On October 24, 2019, the U.S. Environmental Protection Agency (EPA) announced that it is proposing narrow updates to the Worker Protection Standard’s (WPS) provision on the Application Exclusion Zone (AEZ) requirements. By narrowing updates to the WPS, EPA states that it will “improve the long-term success of the agency’s Application Exclusion Zone requirements” and “would improve enforceability for state regulators and reduce regulatory burdens for farmers.” EPA believes narrowing updates to the WPS will also continue to protect the health of farm workers and other individuals near agricultural establishments who could be exposed to agricultural pesticide applications. The proposed updates are consistent with the 2019 Pesticide Registration Improvement Act (PRIA).

EPA Administrator Andrew Wheeler states that EPA’s proposal “would enhance the agency’s Application Exclusion Zone provisions by making them more effective and easier to implement.” Wheeler states that “our proposal will make targeted updates, maintaining safety requirements to protect the health of those in farm country, while providing greater flexibility for farmers.”

EPA will hold a 90-day public comment period and seeks input on select updates that were publicly suggested to EPA by both state pesticide agencies responsible for enforcing the provision and agricultural stakeholders since the AEZ requirement was adopted in 2015. The proposed updates are also consistent with the U.S. Department of Agriculture’s comments during a May 2017 meeting of EPA’s Pesticide Program Dialogue Committee.

Specifically, EPA is proposing to:

  • Modify the AEZ so it is applicable and enforceable only on a farm owner’s property, where a farm owner can lawfully exercise control over employees and bystanders who could fall within the AEZ. As currently written, the off-farm aspect of this provision has proven very difficult for state regulators to enforce. These proposed changes would enhance both enforcement and implementation of the AEZ for state regulators and farm owners, respectively. Off-farm bystanders would still be protected from pesticide applications with the existing “do not contact” requirement that prohibits use in a manner that would contact unprotected individuals.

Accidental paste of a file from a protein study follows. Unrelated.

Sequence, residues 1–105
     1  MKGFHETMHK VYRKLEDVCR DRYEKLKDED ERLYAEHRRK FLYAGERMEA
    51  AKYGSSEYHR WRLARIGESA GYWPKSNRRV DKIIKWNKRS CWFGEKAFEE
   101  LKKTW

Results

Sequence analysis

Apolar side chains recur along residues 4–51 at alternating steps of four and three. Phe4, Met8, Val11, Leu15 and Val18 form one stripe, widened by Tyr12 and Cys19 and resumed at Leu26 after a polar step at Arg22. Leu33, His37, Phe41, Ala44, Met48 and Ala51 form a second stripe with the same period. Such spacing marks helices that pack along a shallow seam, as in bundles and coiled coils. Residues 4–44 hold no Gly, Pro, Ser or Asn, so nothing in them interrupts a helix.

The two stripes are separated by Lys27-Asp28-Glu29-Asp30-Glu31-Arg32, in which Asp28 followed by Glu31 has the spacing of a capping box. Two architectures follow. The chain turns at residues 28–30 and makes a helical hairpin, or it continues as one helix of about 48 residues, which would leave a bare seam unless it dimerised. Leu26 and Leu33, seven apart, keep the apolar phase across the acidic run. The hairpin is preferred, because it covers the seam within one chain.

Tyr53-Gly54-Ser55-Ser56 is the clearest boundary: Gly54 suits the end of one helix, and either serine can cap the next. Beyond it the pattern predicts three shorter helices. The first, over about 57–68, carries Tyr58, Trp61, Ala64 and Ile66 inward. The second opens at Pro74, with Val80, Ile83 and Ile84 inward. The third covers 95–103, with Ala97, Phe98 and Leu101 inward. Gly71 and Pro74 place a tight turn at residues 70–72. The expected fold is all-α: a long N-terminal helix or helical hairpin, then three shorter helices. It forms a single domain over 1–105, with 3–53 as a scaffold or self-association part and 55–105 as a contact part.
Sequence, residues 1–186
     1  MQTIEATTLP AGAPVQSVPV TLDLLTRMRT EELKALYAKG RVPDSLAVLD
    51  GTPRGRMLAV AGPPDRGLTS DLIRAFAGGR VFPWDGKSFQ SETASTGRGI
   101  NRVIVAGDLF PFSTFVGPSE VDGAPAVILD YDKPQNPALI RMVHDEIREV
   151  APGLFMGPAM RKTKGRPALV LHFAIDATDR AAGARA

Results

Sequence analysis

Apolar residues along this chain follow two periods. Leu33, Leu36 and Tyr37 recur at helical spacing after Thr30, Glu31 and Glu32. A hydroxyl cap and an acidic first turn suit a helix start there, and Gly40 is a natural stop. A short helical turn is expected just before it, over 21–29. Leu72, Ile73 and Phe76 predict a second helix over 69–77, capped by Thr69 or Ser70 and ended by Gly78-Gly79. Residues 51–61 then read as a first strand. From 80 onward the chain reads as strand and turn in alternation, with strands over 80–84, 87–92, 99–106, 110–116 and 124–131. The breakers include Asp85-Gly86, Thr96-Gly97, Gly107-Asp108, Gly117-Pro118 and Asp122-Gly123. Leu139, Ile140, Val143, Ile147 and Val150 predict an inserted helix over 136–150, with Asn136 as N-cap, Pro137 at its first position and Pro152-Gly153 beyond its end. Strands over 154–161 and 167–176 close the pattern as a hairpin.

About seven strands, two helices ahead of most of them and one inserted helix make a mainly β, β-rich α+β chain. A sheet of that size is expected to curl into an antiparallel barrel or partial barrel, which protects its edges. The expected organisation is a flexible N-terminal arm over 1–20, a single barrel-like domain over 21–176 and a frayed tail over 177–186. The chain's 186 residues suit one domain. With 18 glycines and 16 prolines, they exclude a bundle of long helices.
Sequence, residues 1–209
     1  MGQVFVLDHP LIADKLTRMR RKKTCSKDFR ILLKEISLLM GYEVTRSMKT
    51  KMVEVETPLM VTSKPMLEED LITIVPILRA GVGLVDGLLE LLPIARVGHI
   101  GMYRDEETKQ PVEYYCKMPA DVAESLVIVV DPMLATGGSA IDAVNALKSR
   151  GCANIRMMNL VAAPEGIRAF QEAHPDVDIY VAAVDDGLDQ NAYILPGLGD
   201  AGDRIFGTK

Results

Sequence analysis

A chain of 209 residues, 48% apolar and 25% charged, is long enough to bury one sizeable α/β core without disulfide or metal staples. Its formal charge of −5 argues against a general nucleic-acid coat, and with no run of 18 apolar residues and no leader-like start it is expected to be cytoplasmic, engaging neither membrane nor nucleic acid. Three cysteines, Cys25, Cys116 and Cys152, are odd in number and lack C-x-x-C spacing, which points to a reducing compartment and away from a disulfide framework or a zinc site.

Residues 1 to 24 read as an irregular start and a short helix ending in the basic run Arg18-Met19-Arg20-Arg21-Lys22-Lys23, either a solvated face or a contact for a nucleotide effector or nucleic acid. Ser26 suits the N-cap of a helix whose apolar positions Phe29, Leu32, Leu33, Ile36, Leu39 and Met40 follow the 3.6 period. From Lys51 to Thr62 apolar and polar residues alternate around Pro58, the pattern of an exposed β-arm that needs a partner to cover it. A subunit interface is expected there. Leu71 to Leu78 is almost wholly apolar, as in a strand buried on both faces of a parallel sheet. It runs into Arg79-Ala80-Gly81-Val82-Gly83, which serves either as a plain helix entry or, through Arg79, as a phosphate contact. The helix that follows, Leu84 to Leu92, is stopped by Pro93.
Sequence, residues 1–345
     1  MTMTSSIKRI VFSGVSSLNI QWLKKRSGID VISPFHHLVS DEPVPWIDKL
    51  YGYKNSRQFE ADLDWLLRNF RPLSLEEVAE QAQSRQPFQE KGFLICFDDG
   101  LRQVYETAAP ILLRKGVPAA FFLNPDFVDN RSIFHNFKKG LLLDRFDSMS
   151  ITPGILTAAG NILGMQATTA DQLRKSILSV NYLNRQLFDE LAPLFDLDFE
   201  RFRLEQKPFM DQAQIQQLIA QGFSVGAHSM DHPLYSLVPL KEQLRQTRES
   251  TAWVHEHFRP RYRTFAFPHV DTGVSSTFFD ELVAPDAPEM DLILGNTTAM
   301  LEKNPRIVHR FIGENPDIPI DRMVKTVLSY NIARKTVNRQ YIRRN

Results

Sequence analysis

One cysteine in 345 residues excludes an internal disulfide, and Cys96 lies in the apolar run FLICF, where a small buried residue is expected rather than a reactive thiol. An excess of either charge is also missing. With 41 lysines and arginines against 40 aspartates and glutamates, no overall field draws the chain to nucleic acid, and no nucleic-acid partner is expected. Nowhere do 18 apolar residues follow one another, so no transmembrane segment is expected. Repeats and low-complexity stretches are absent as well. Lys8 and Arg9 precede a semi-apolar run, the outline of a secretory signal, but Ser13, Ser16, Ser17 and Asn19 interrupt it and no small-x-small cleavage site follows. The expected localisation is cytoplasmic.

• Exempt immediate family members of farm owners from all aspects of the AEZ requirement. This will allow farm owners and their immediate family members to decide whether to stay in their homes or other enclosed structures on their property during certain pesticide applications, rather than compelling them to leave even when they feel safe remaining.
  • Add clarifying language that pesticide applications that are suspended due to individuals entering an AEZ may be resumed after those individuals have left the AEZ.
  • Simplify the criteria for deciding whether pesticide applications are subject to the 25- or 100-foot AEZ.

Publication of the proposed rule in the Federal Register will begin a 90-day comment period.

When EPA included the AEZ concept in its 2015 WPS updates, of chief concern for pesticide applicators, farmers, and state departments of agriculture were the compliance and enforcement practicalities of aspects of the AEZ requirements. For example, in scenarios where the AEZ extends to nearby roads and highways, it is difficult for pesticide applicators to be aware of every vehicle that may pass by that could enter the AEZ during applications. It is unclear if the revised AEZ requirements adequately address these practical realities. Agricultural stakeholders and pesticide applicators may wish to submit comments on the proposed revisions.

Additional information on the WPS is available on EPA's website.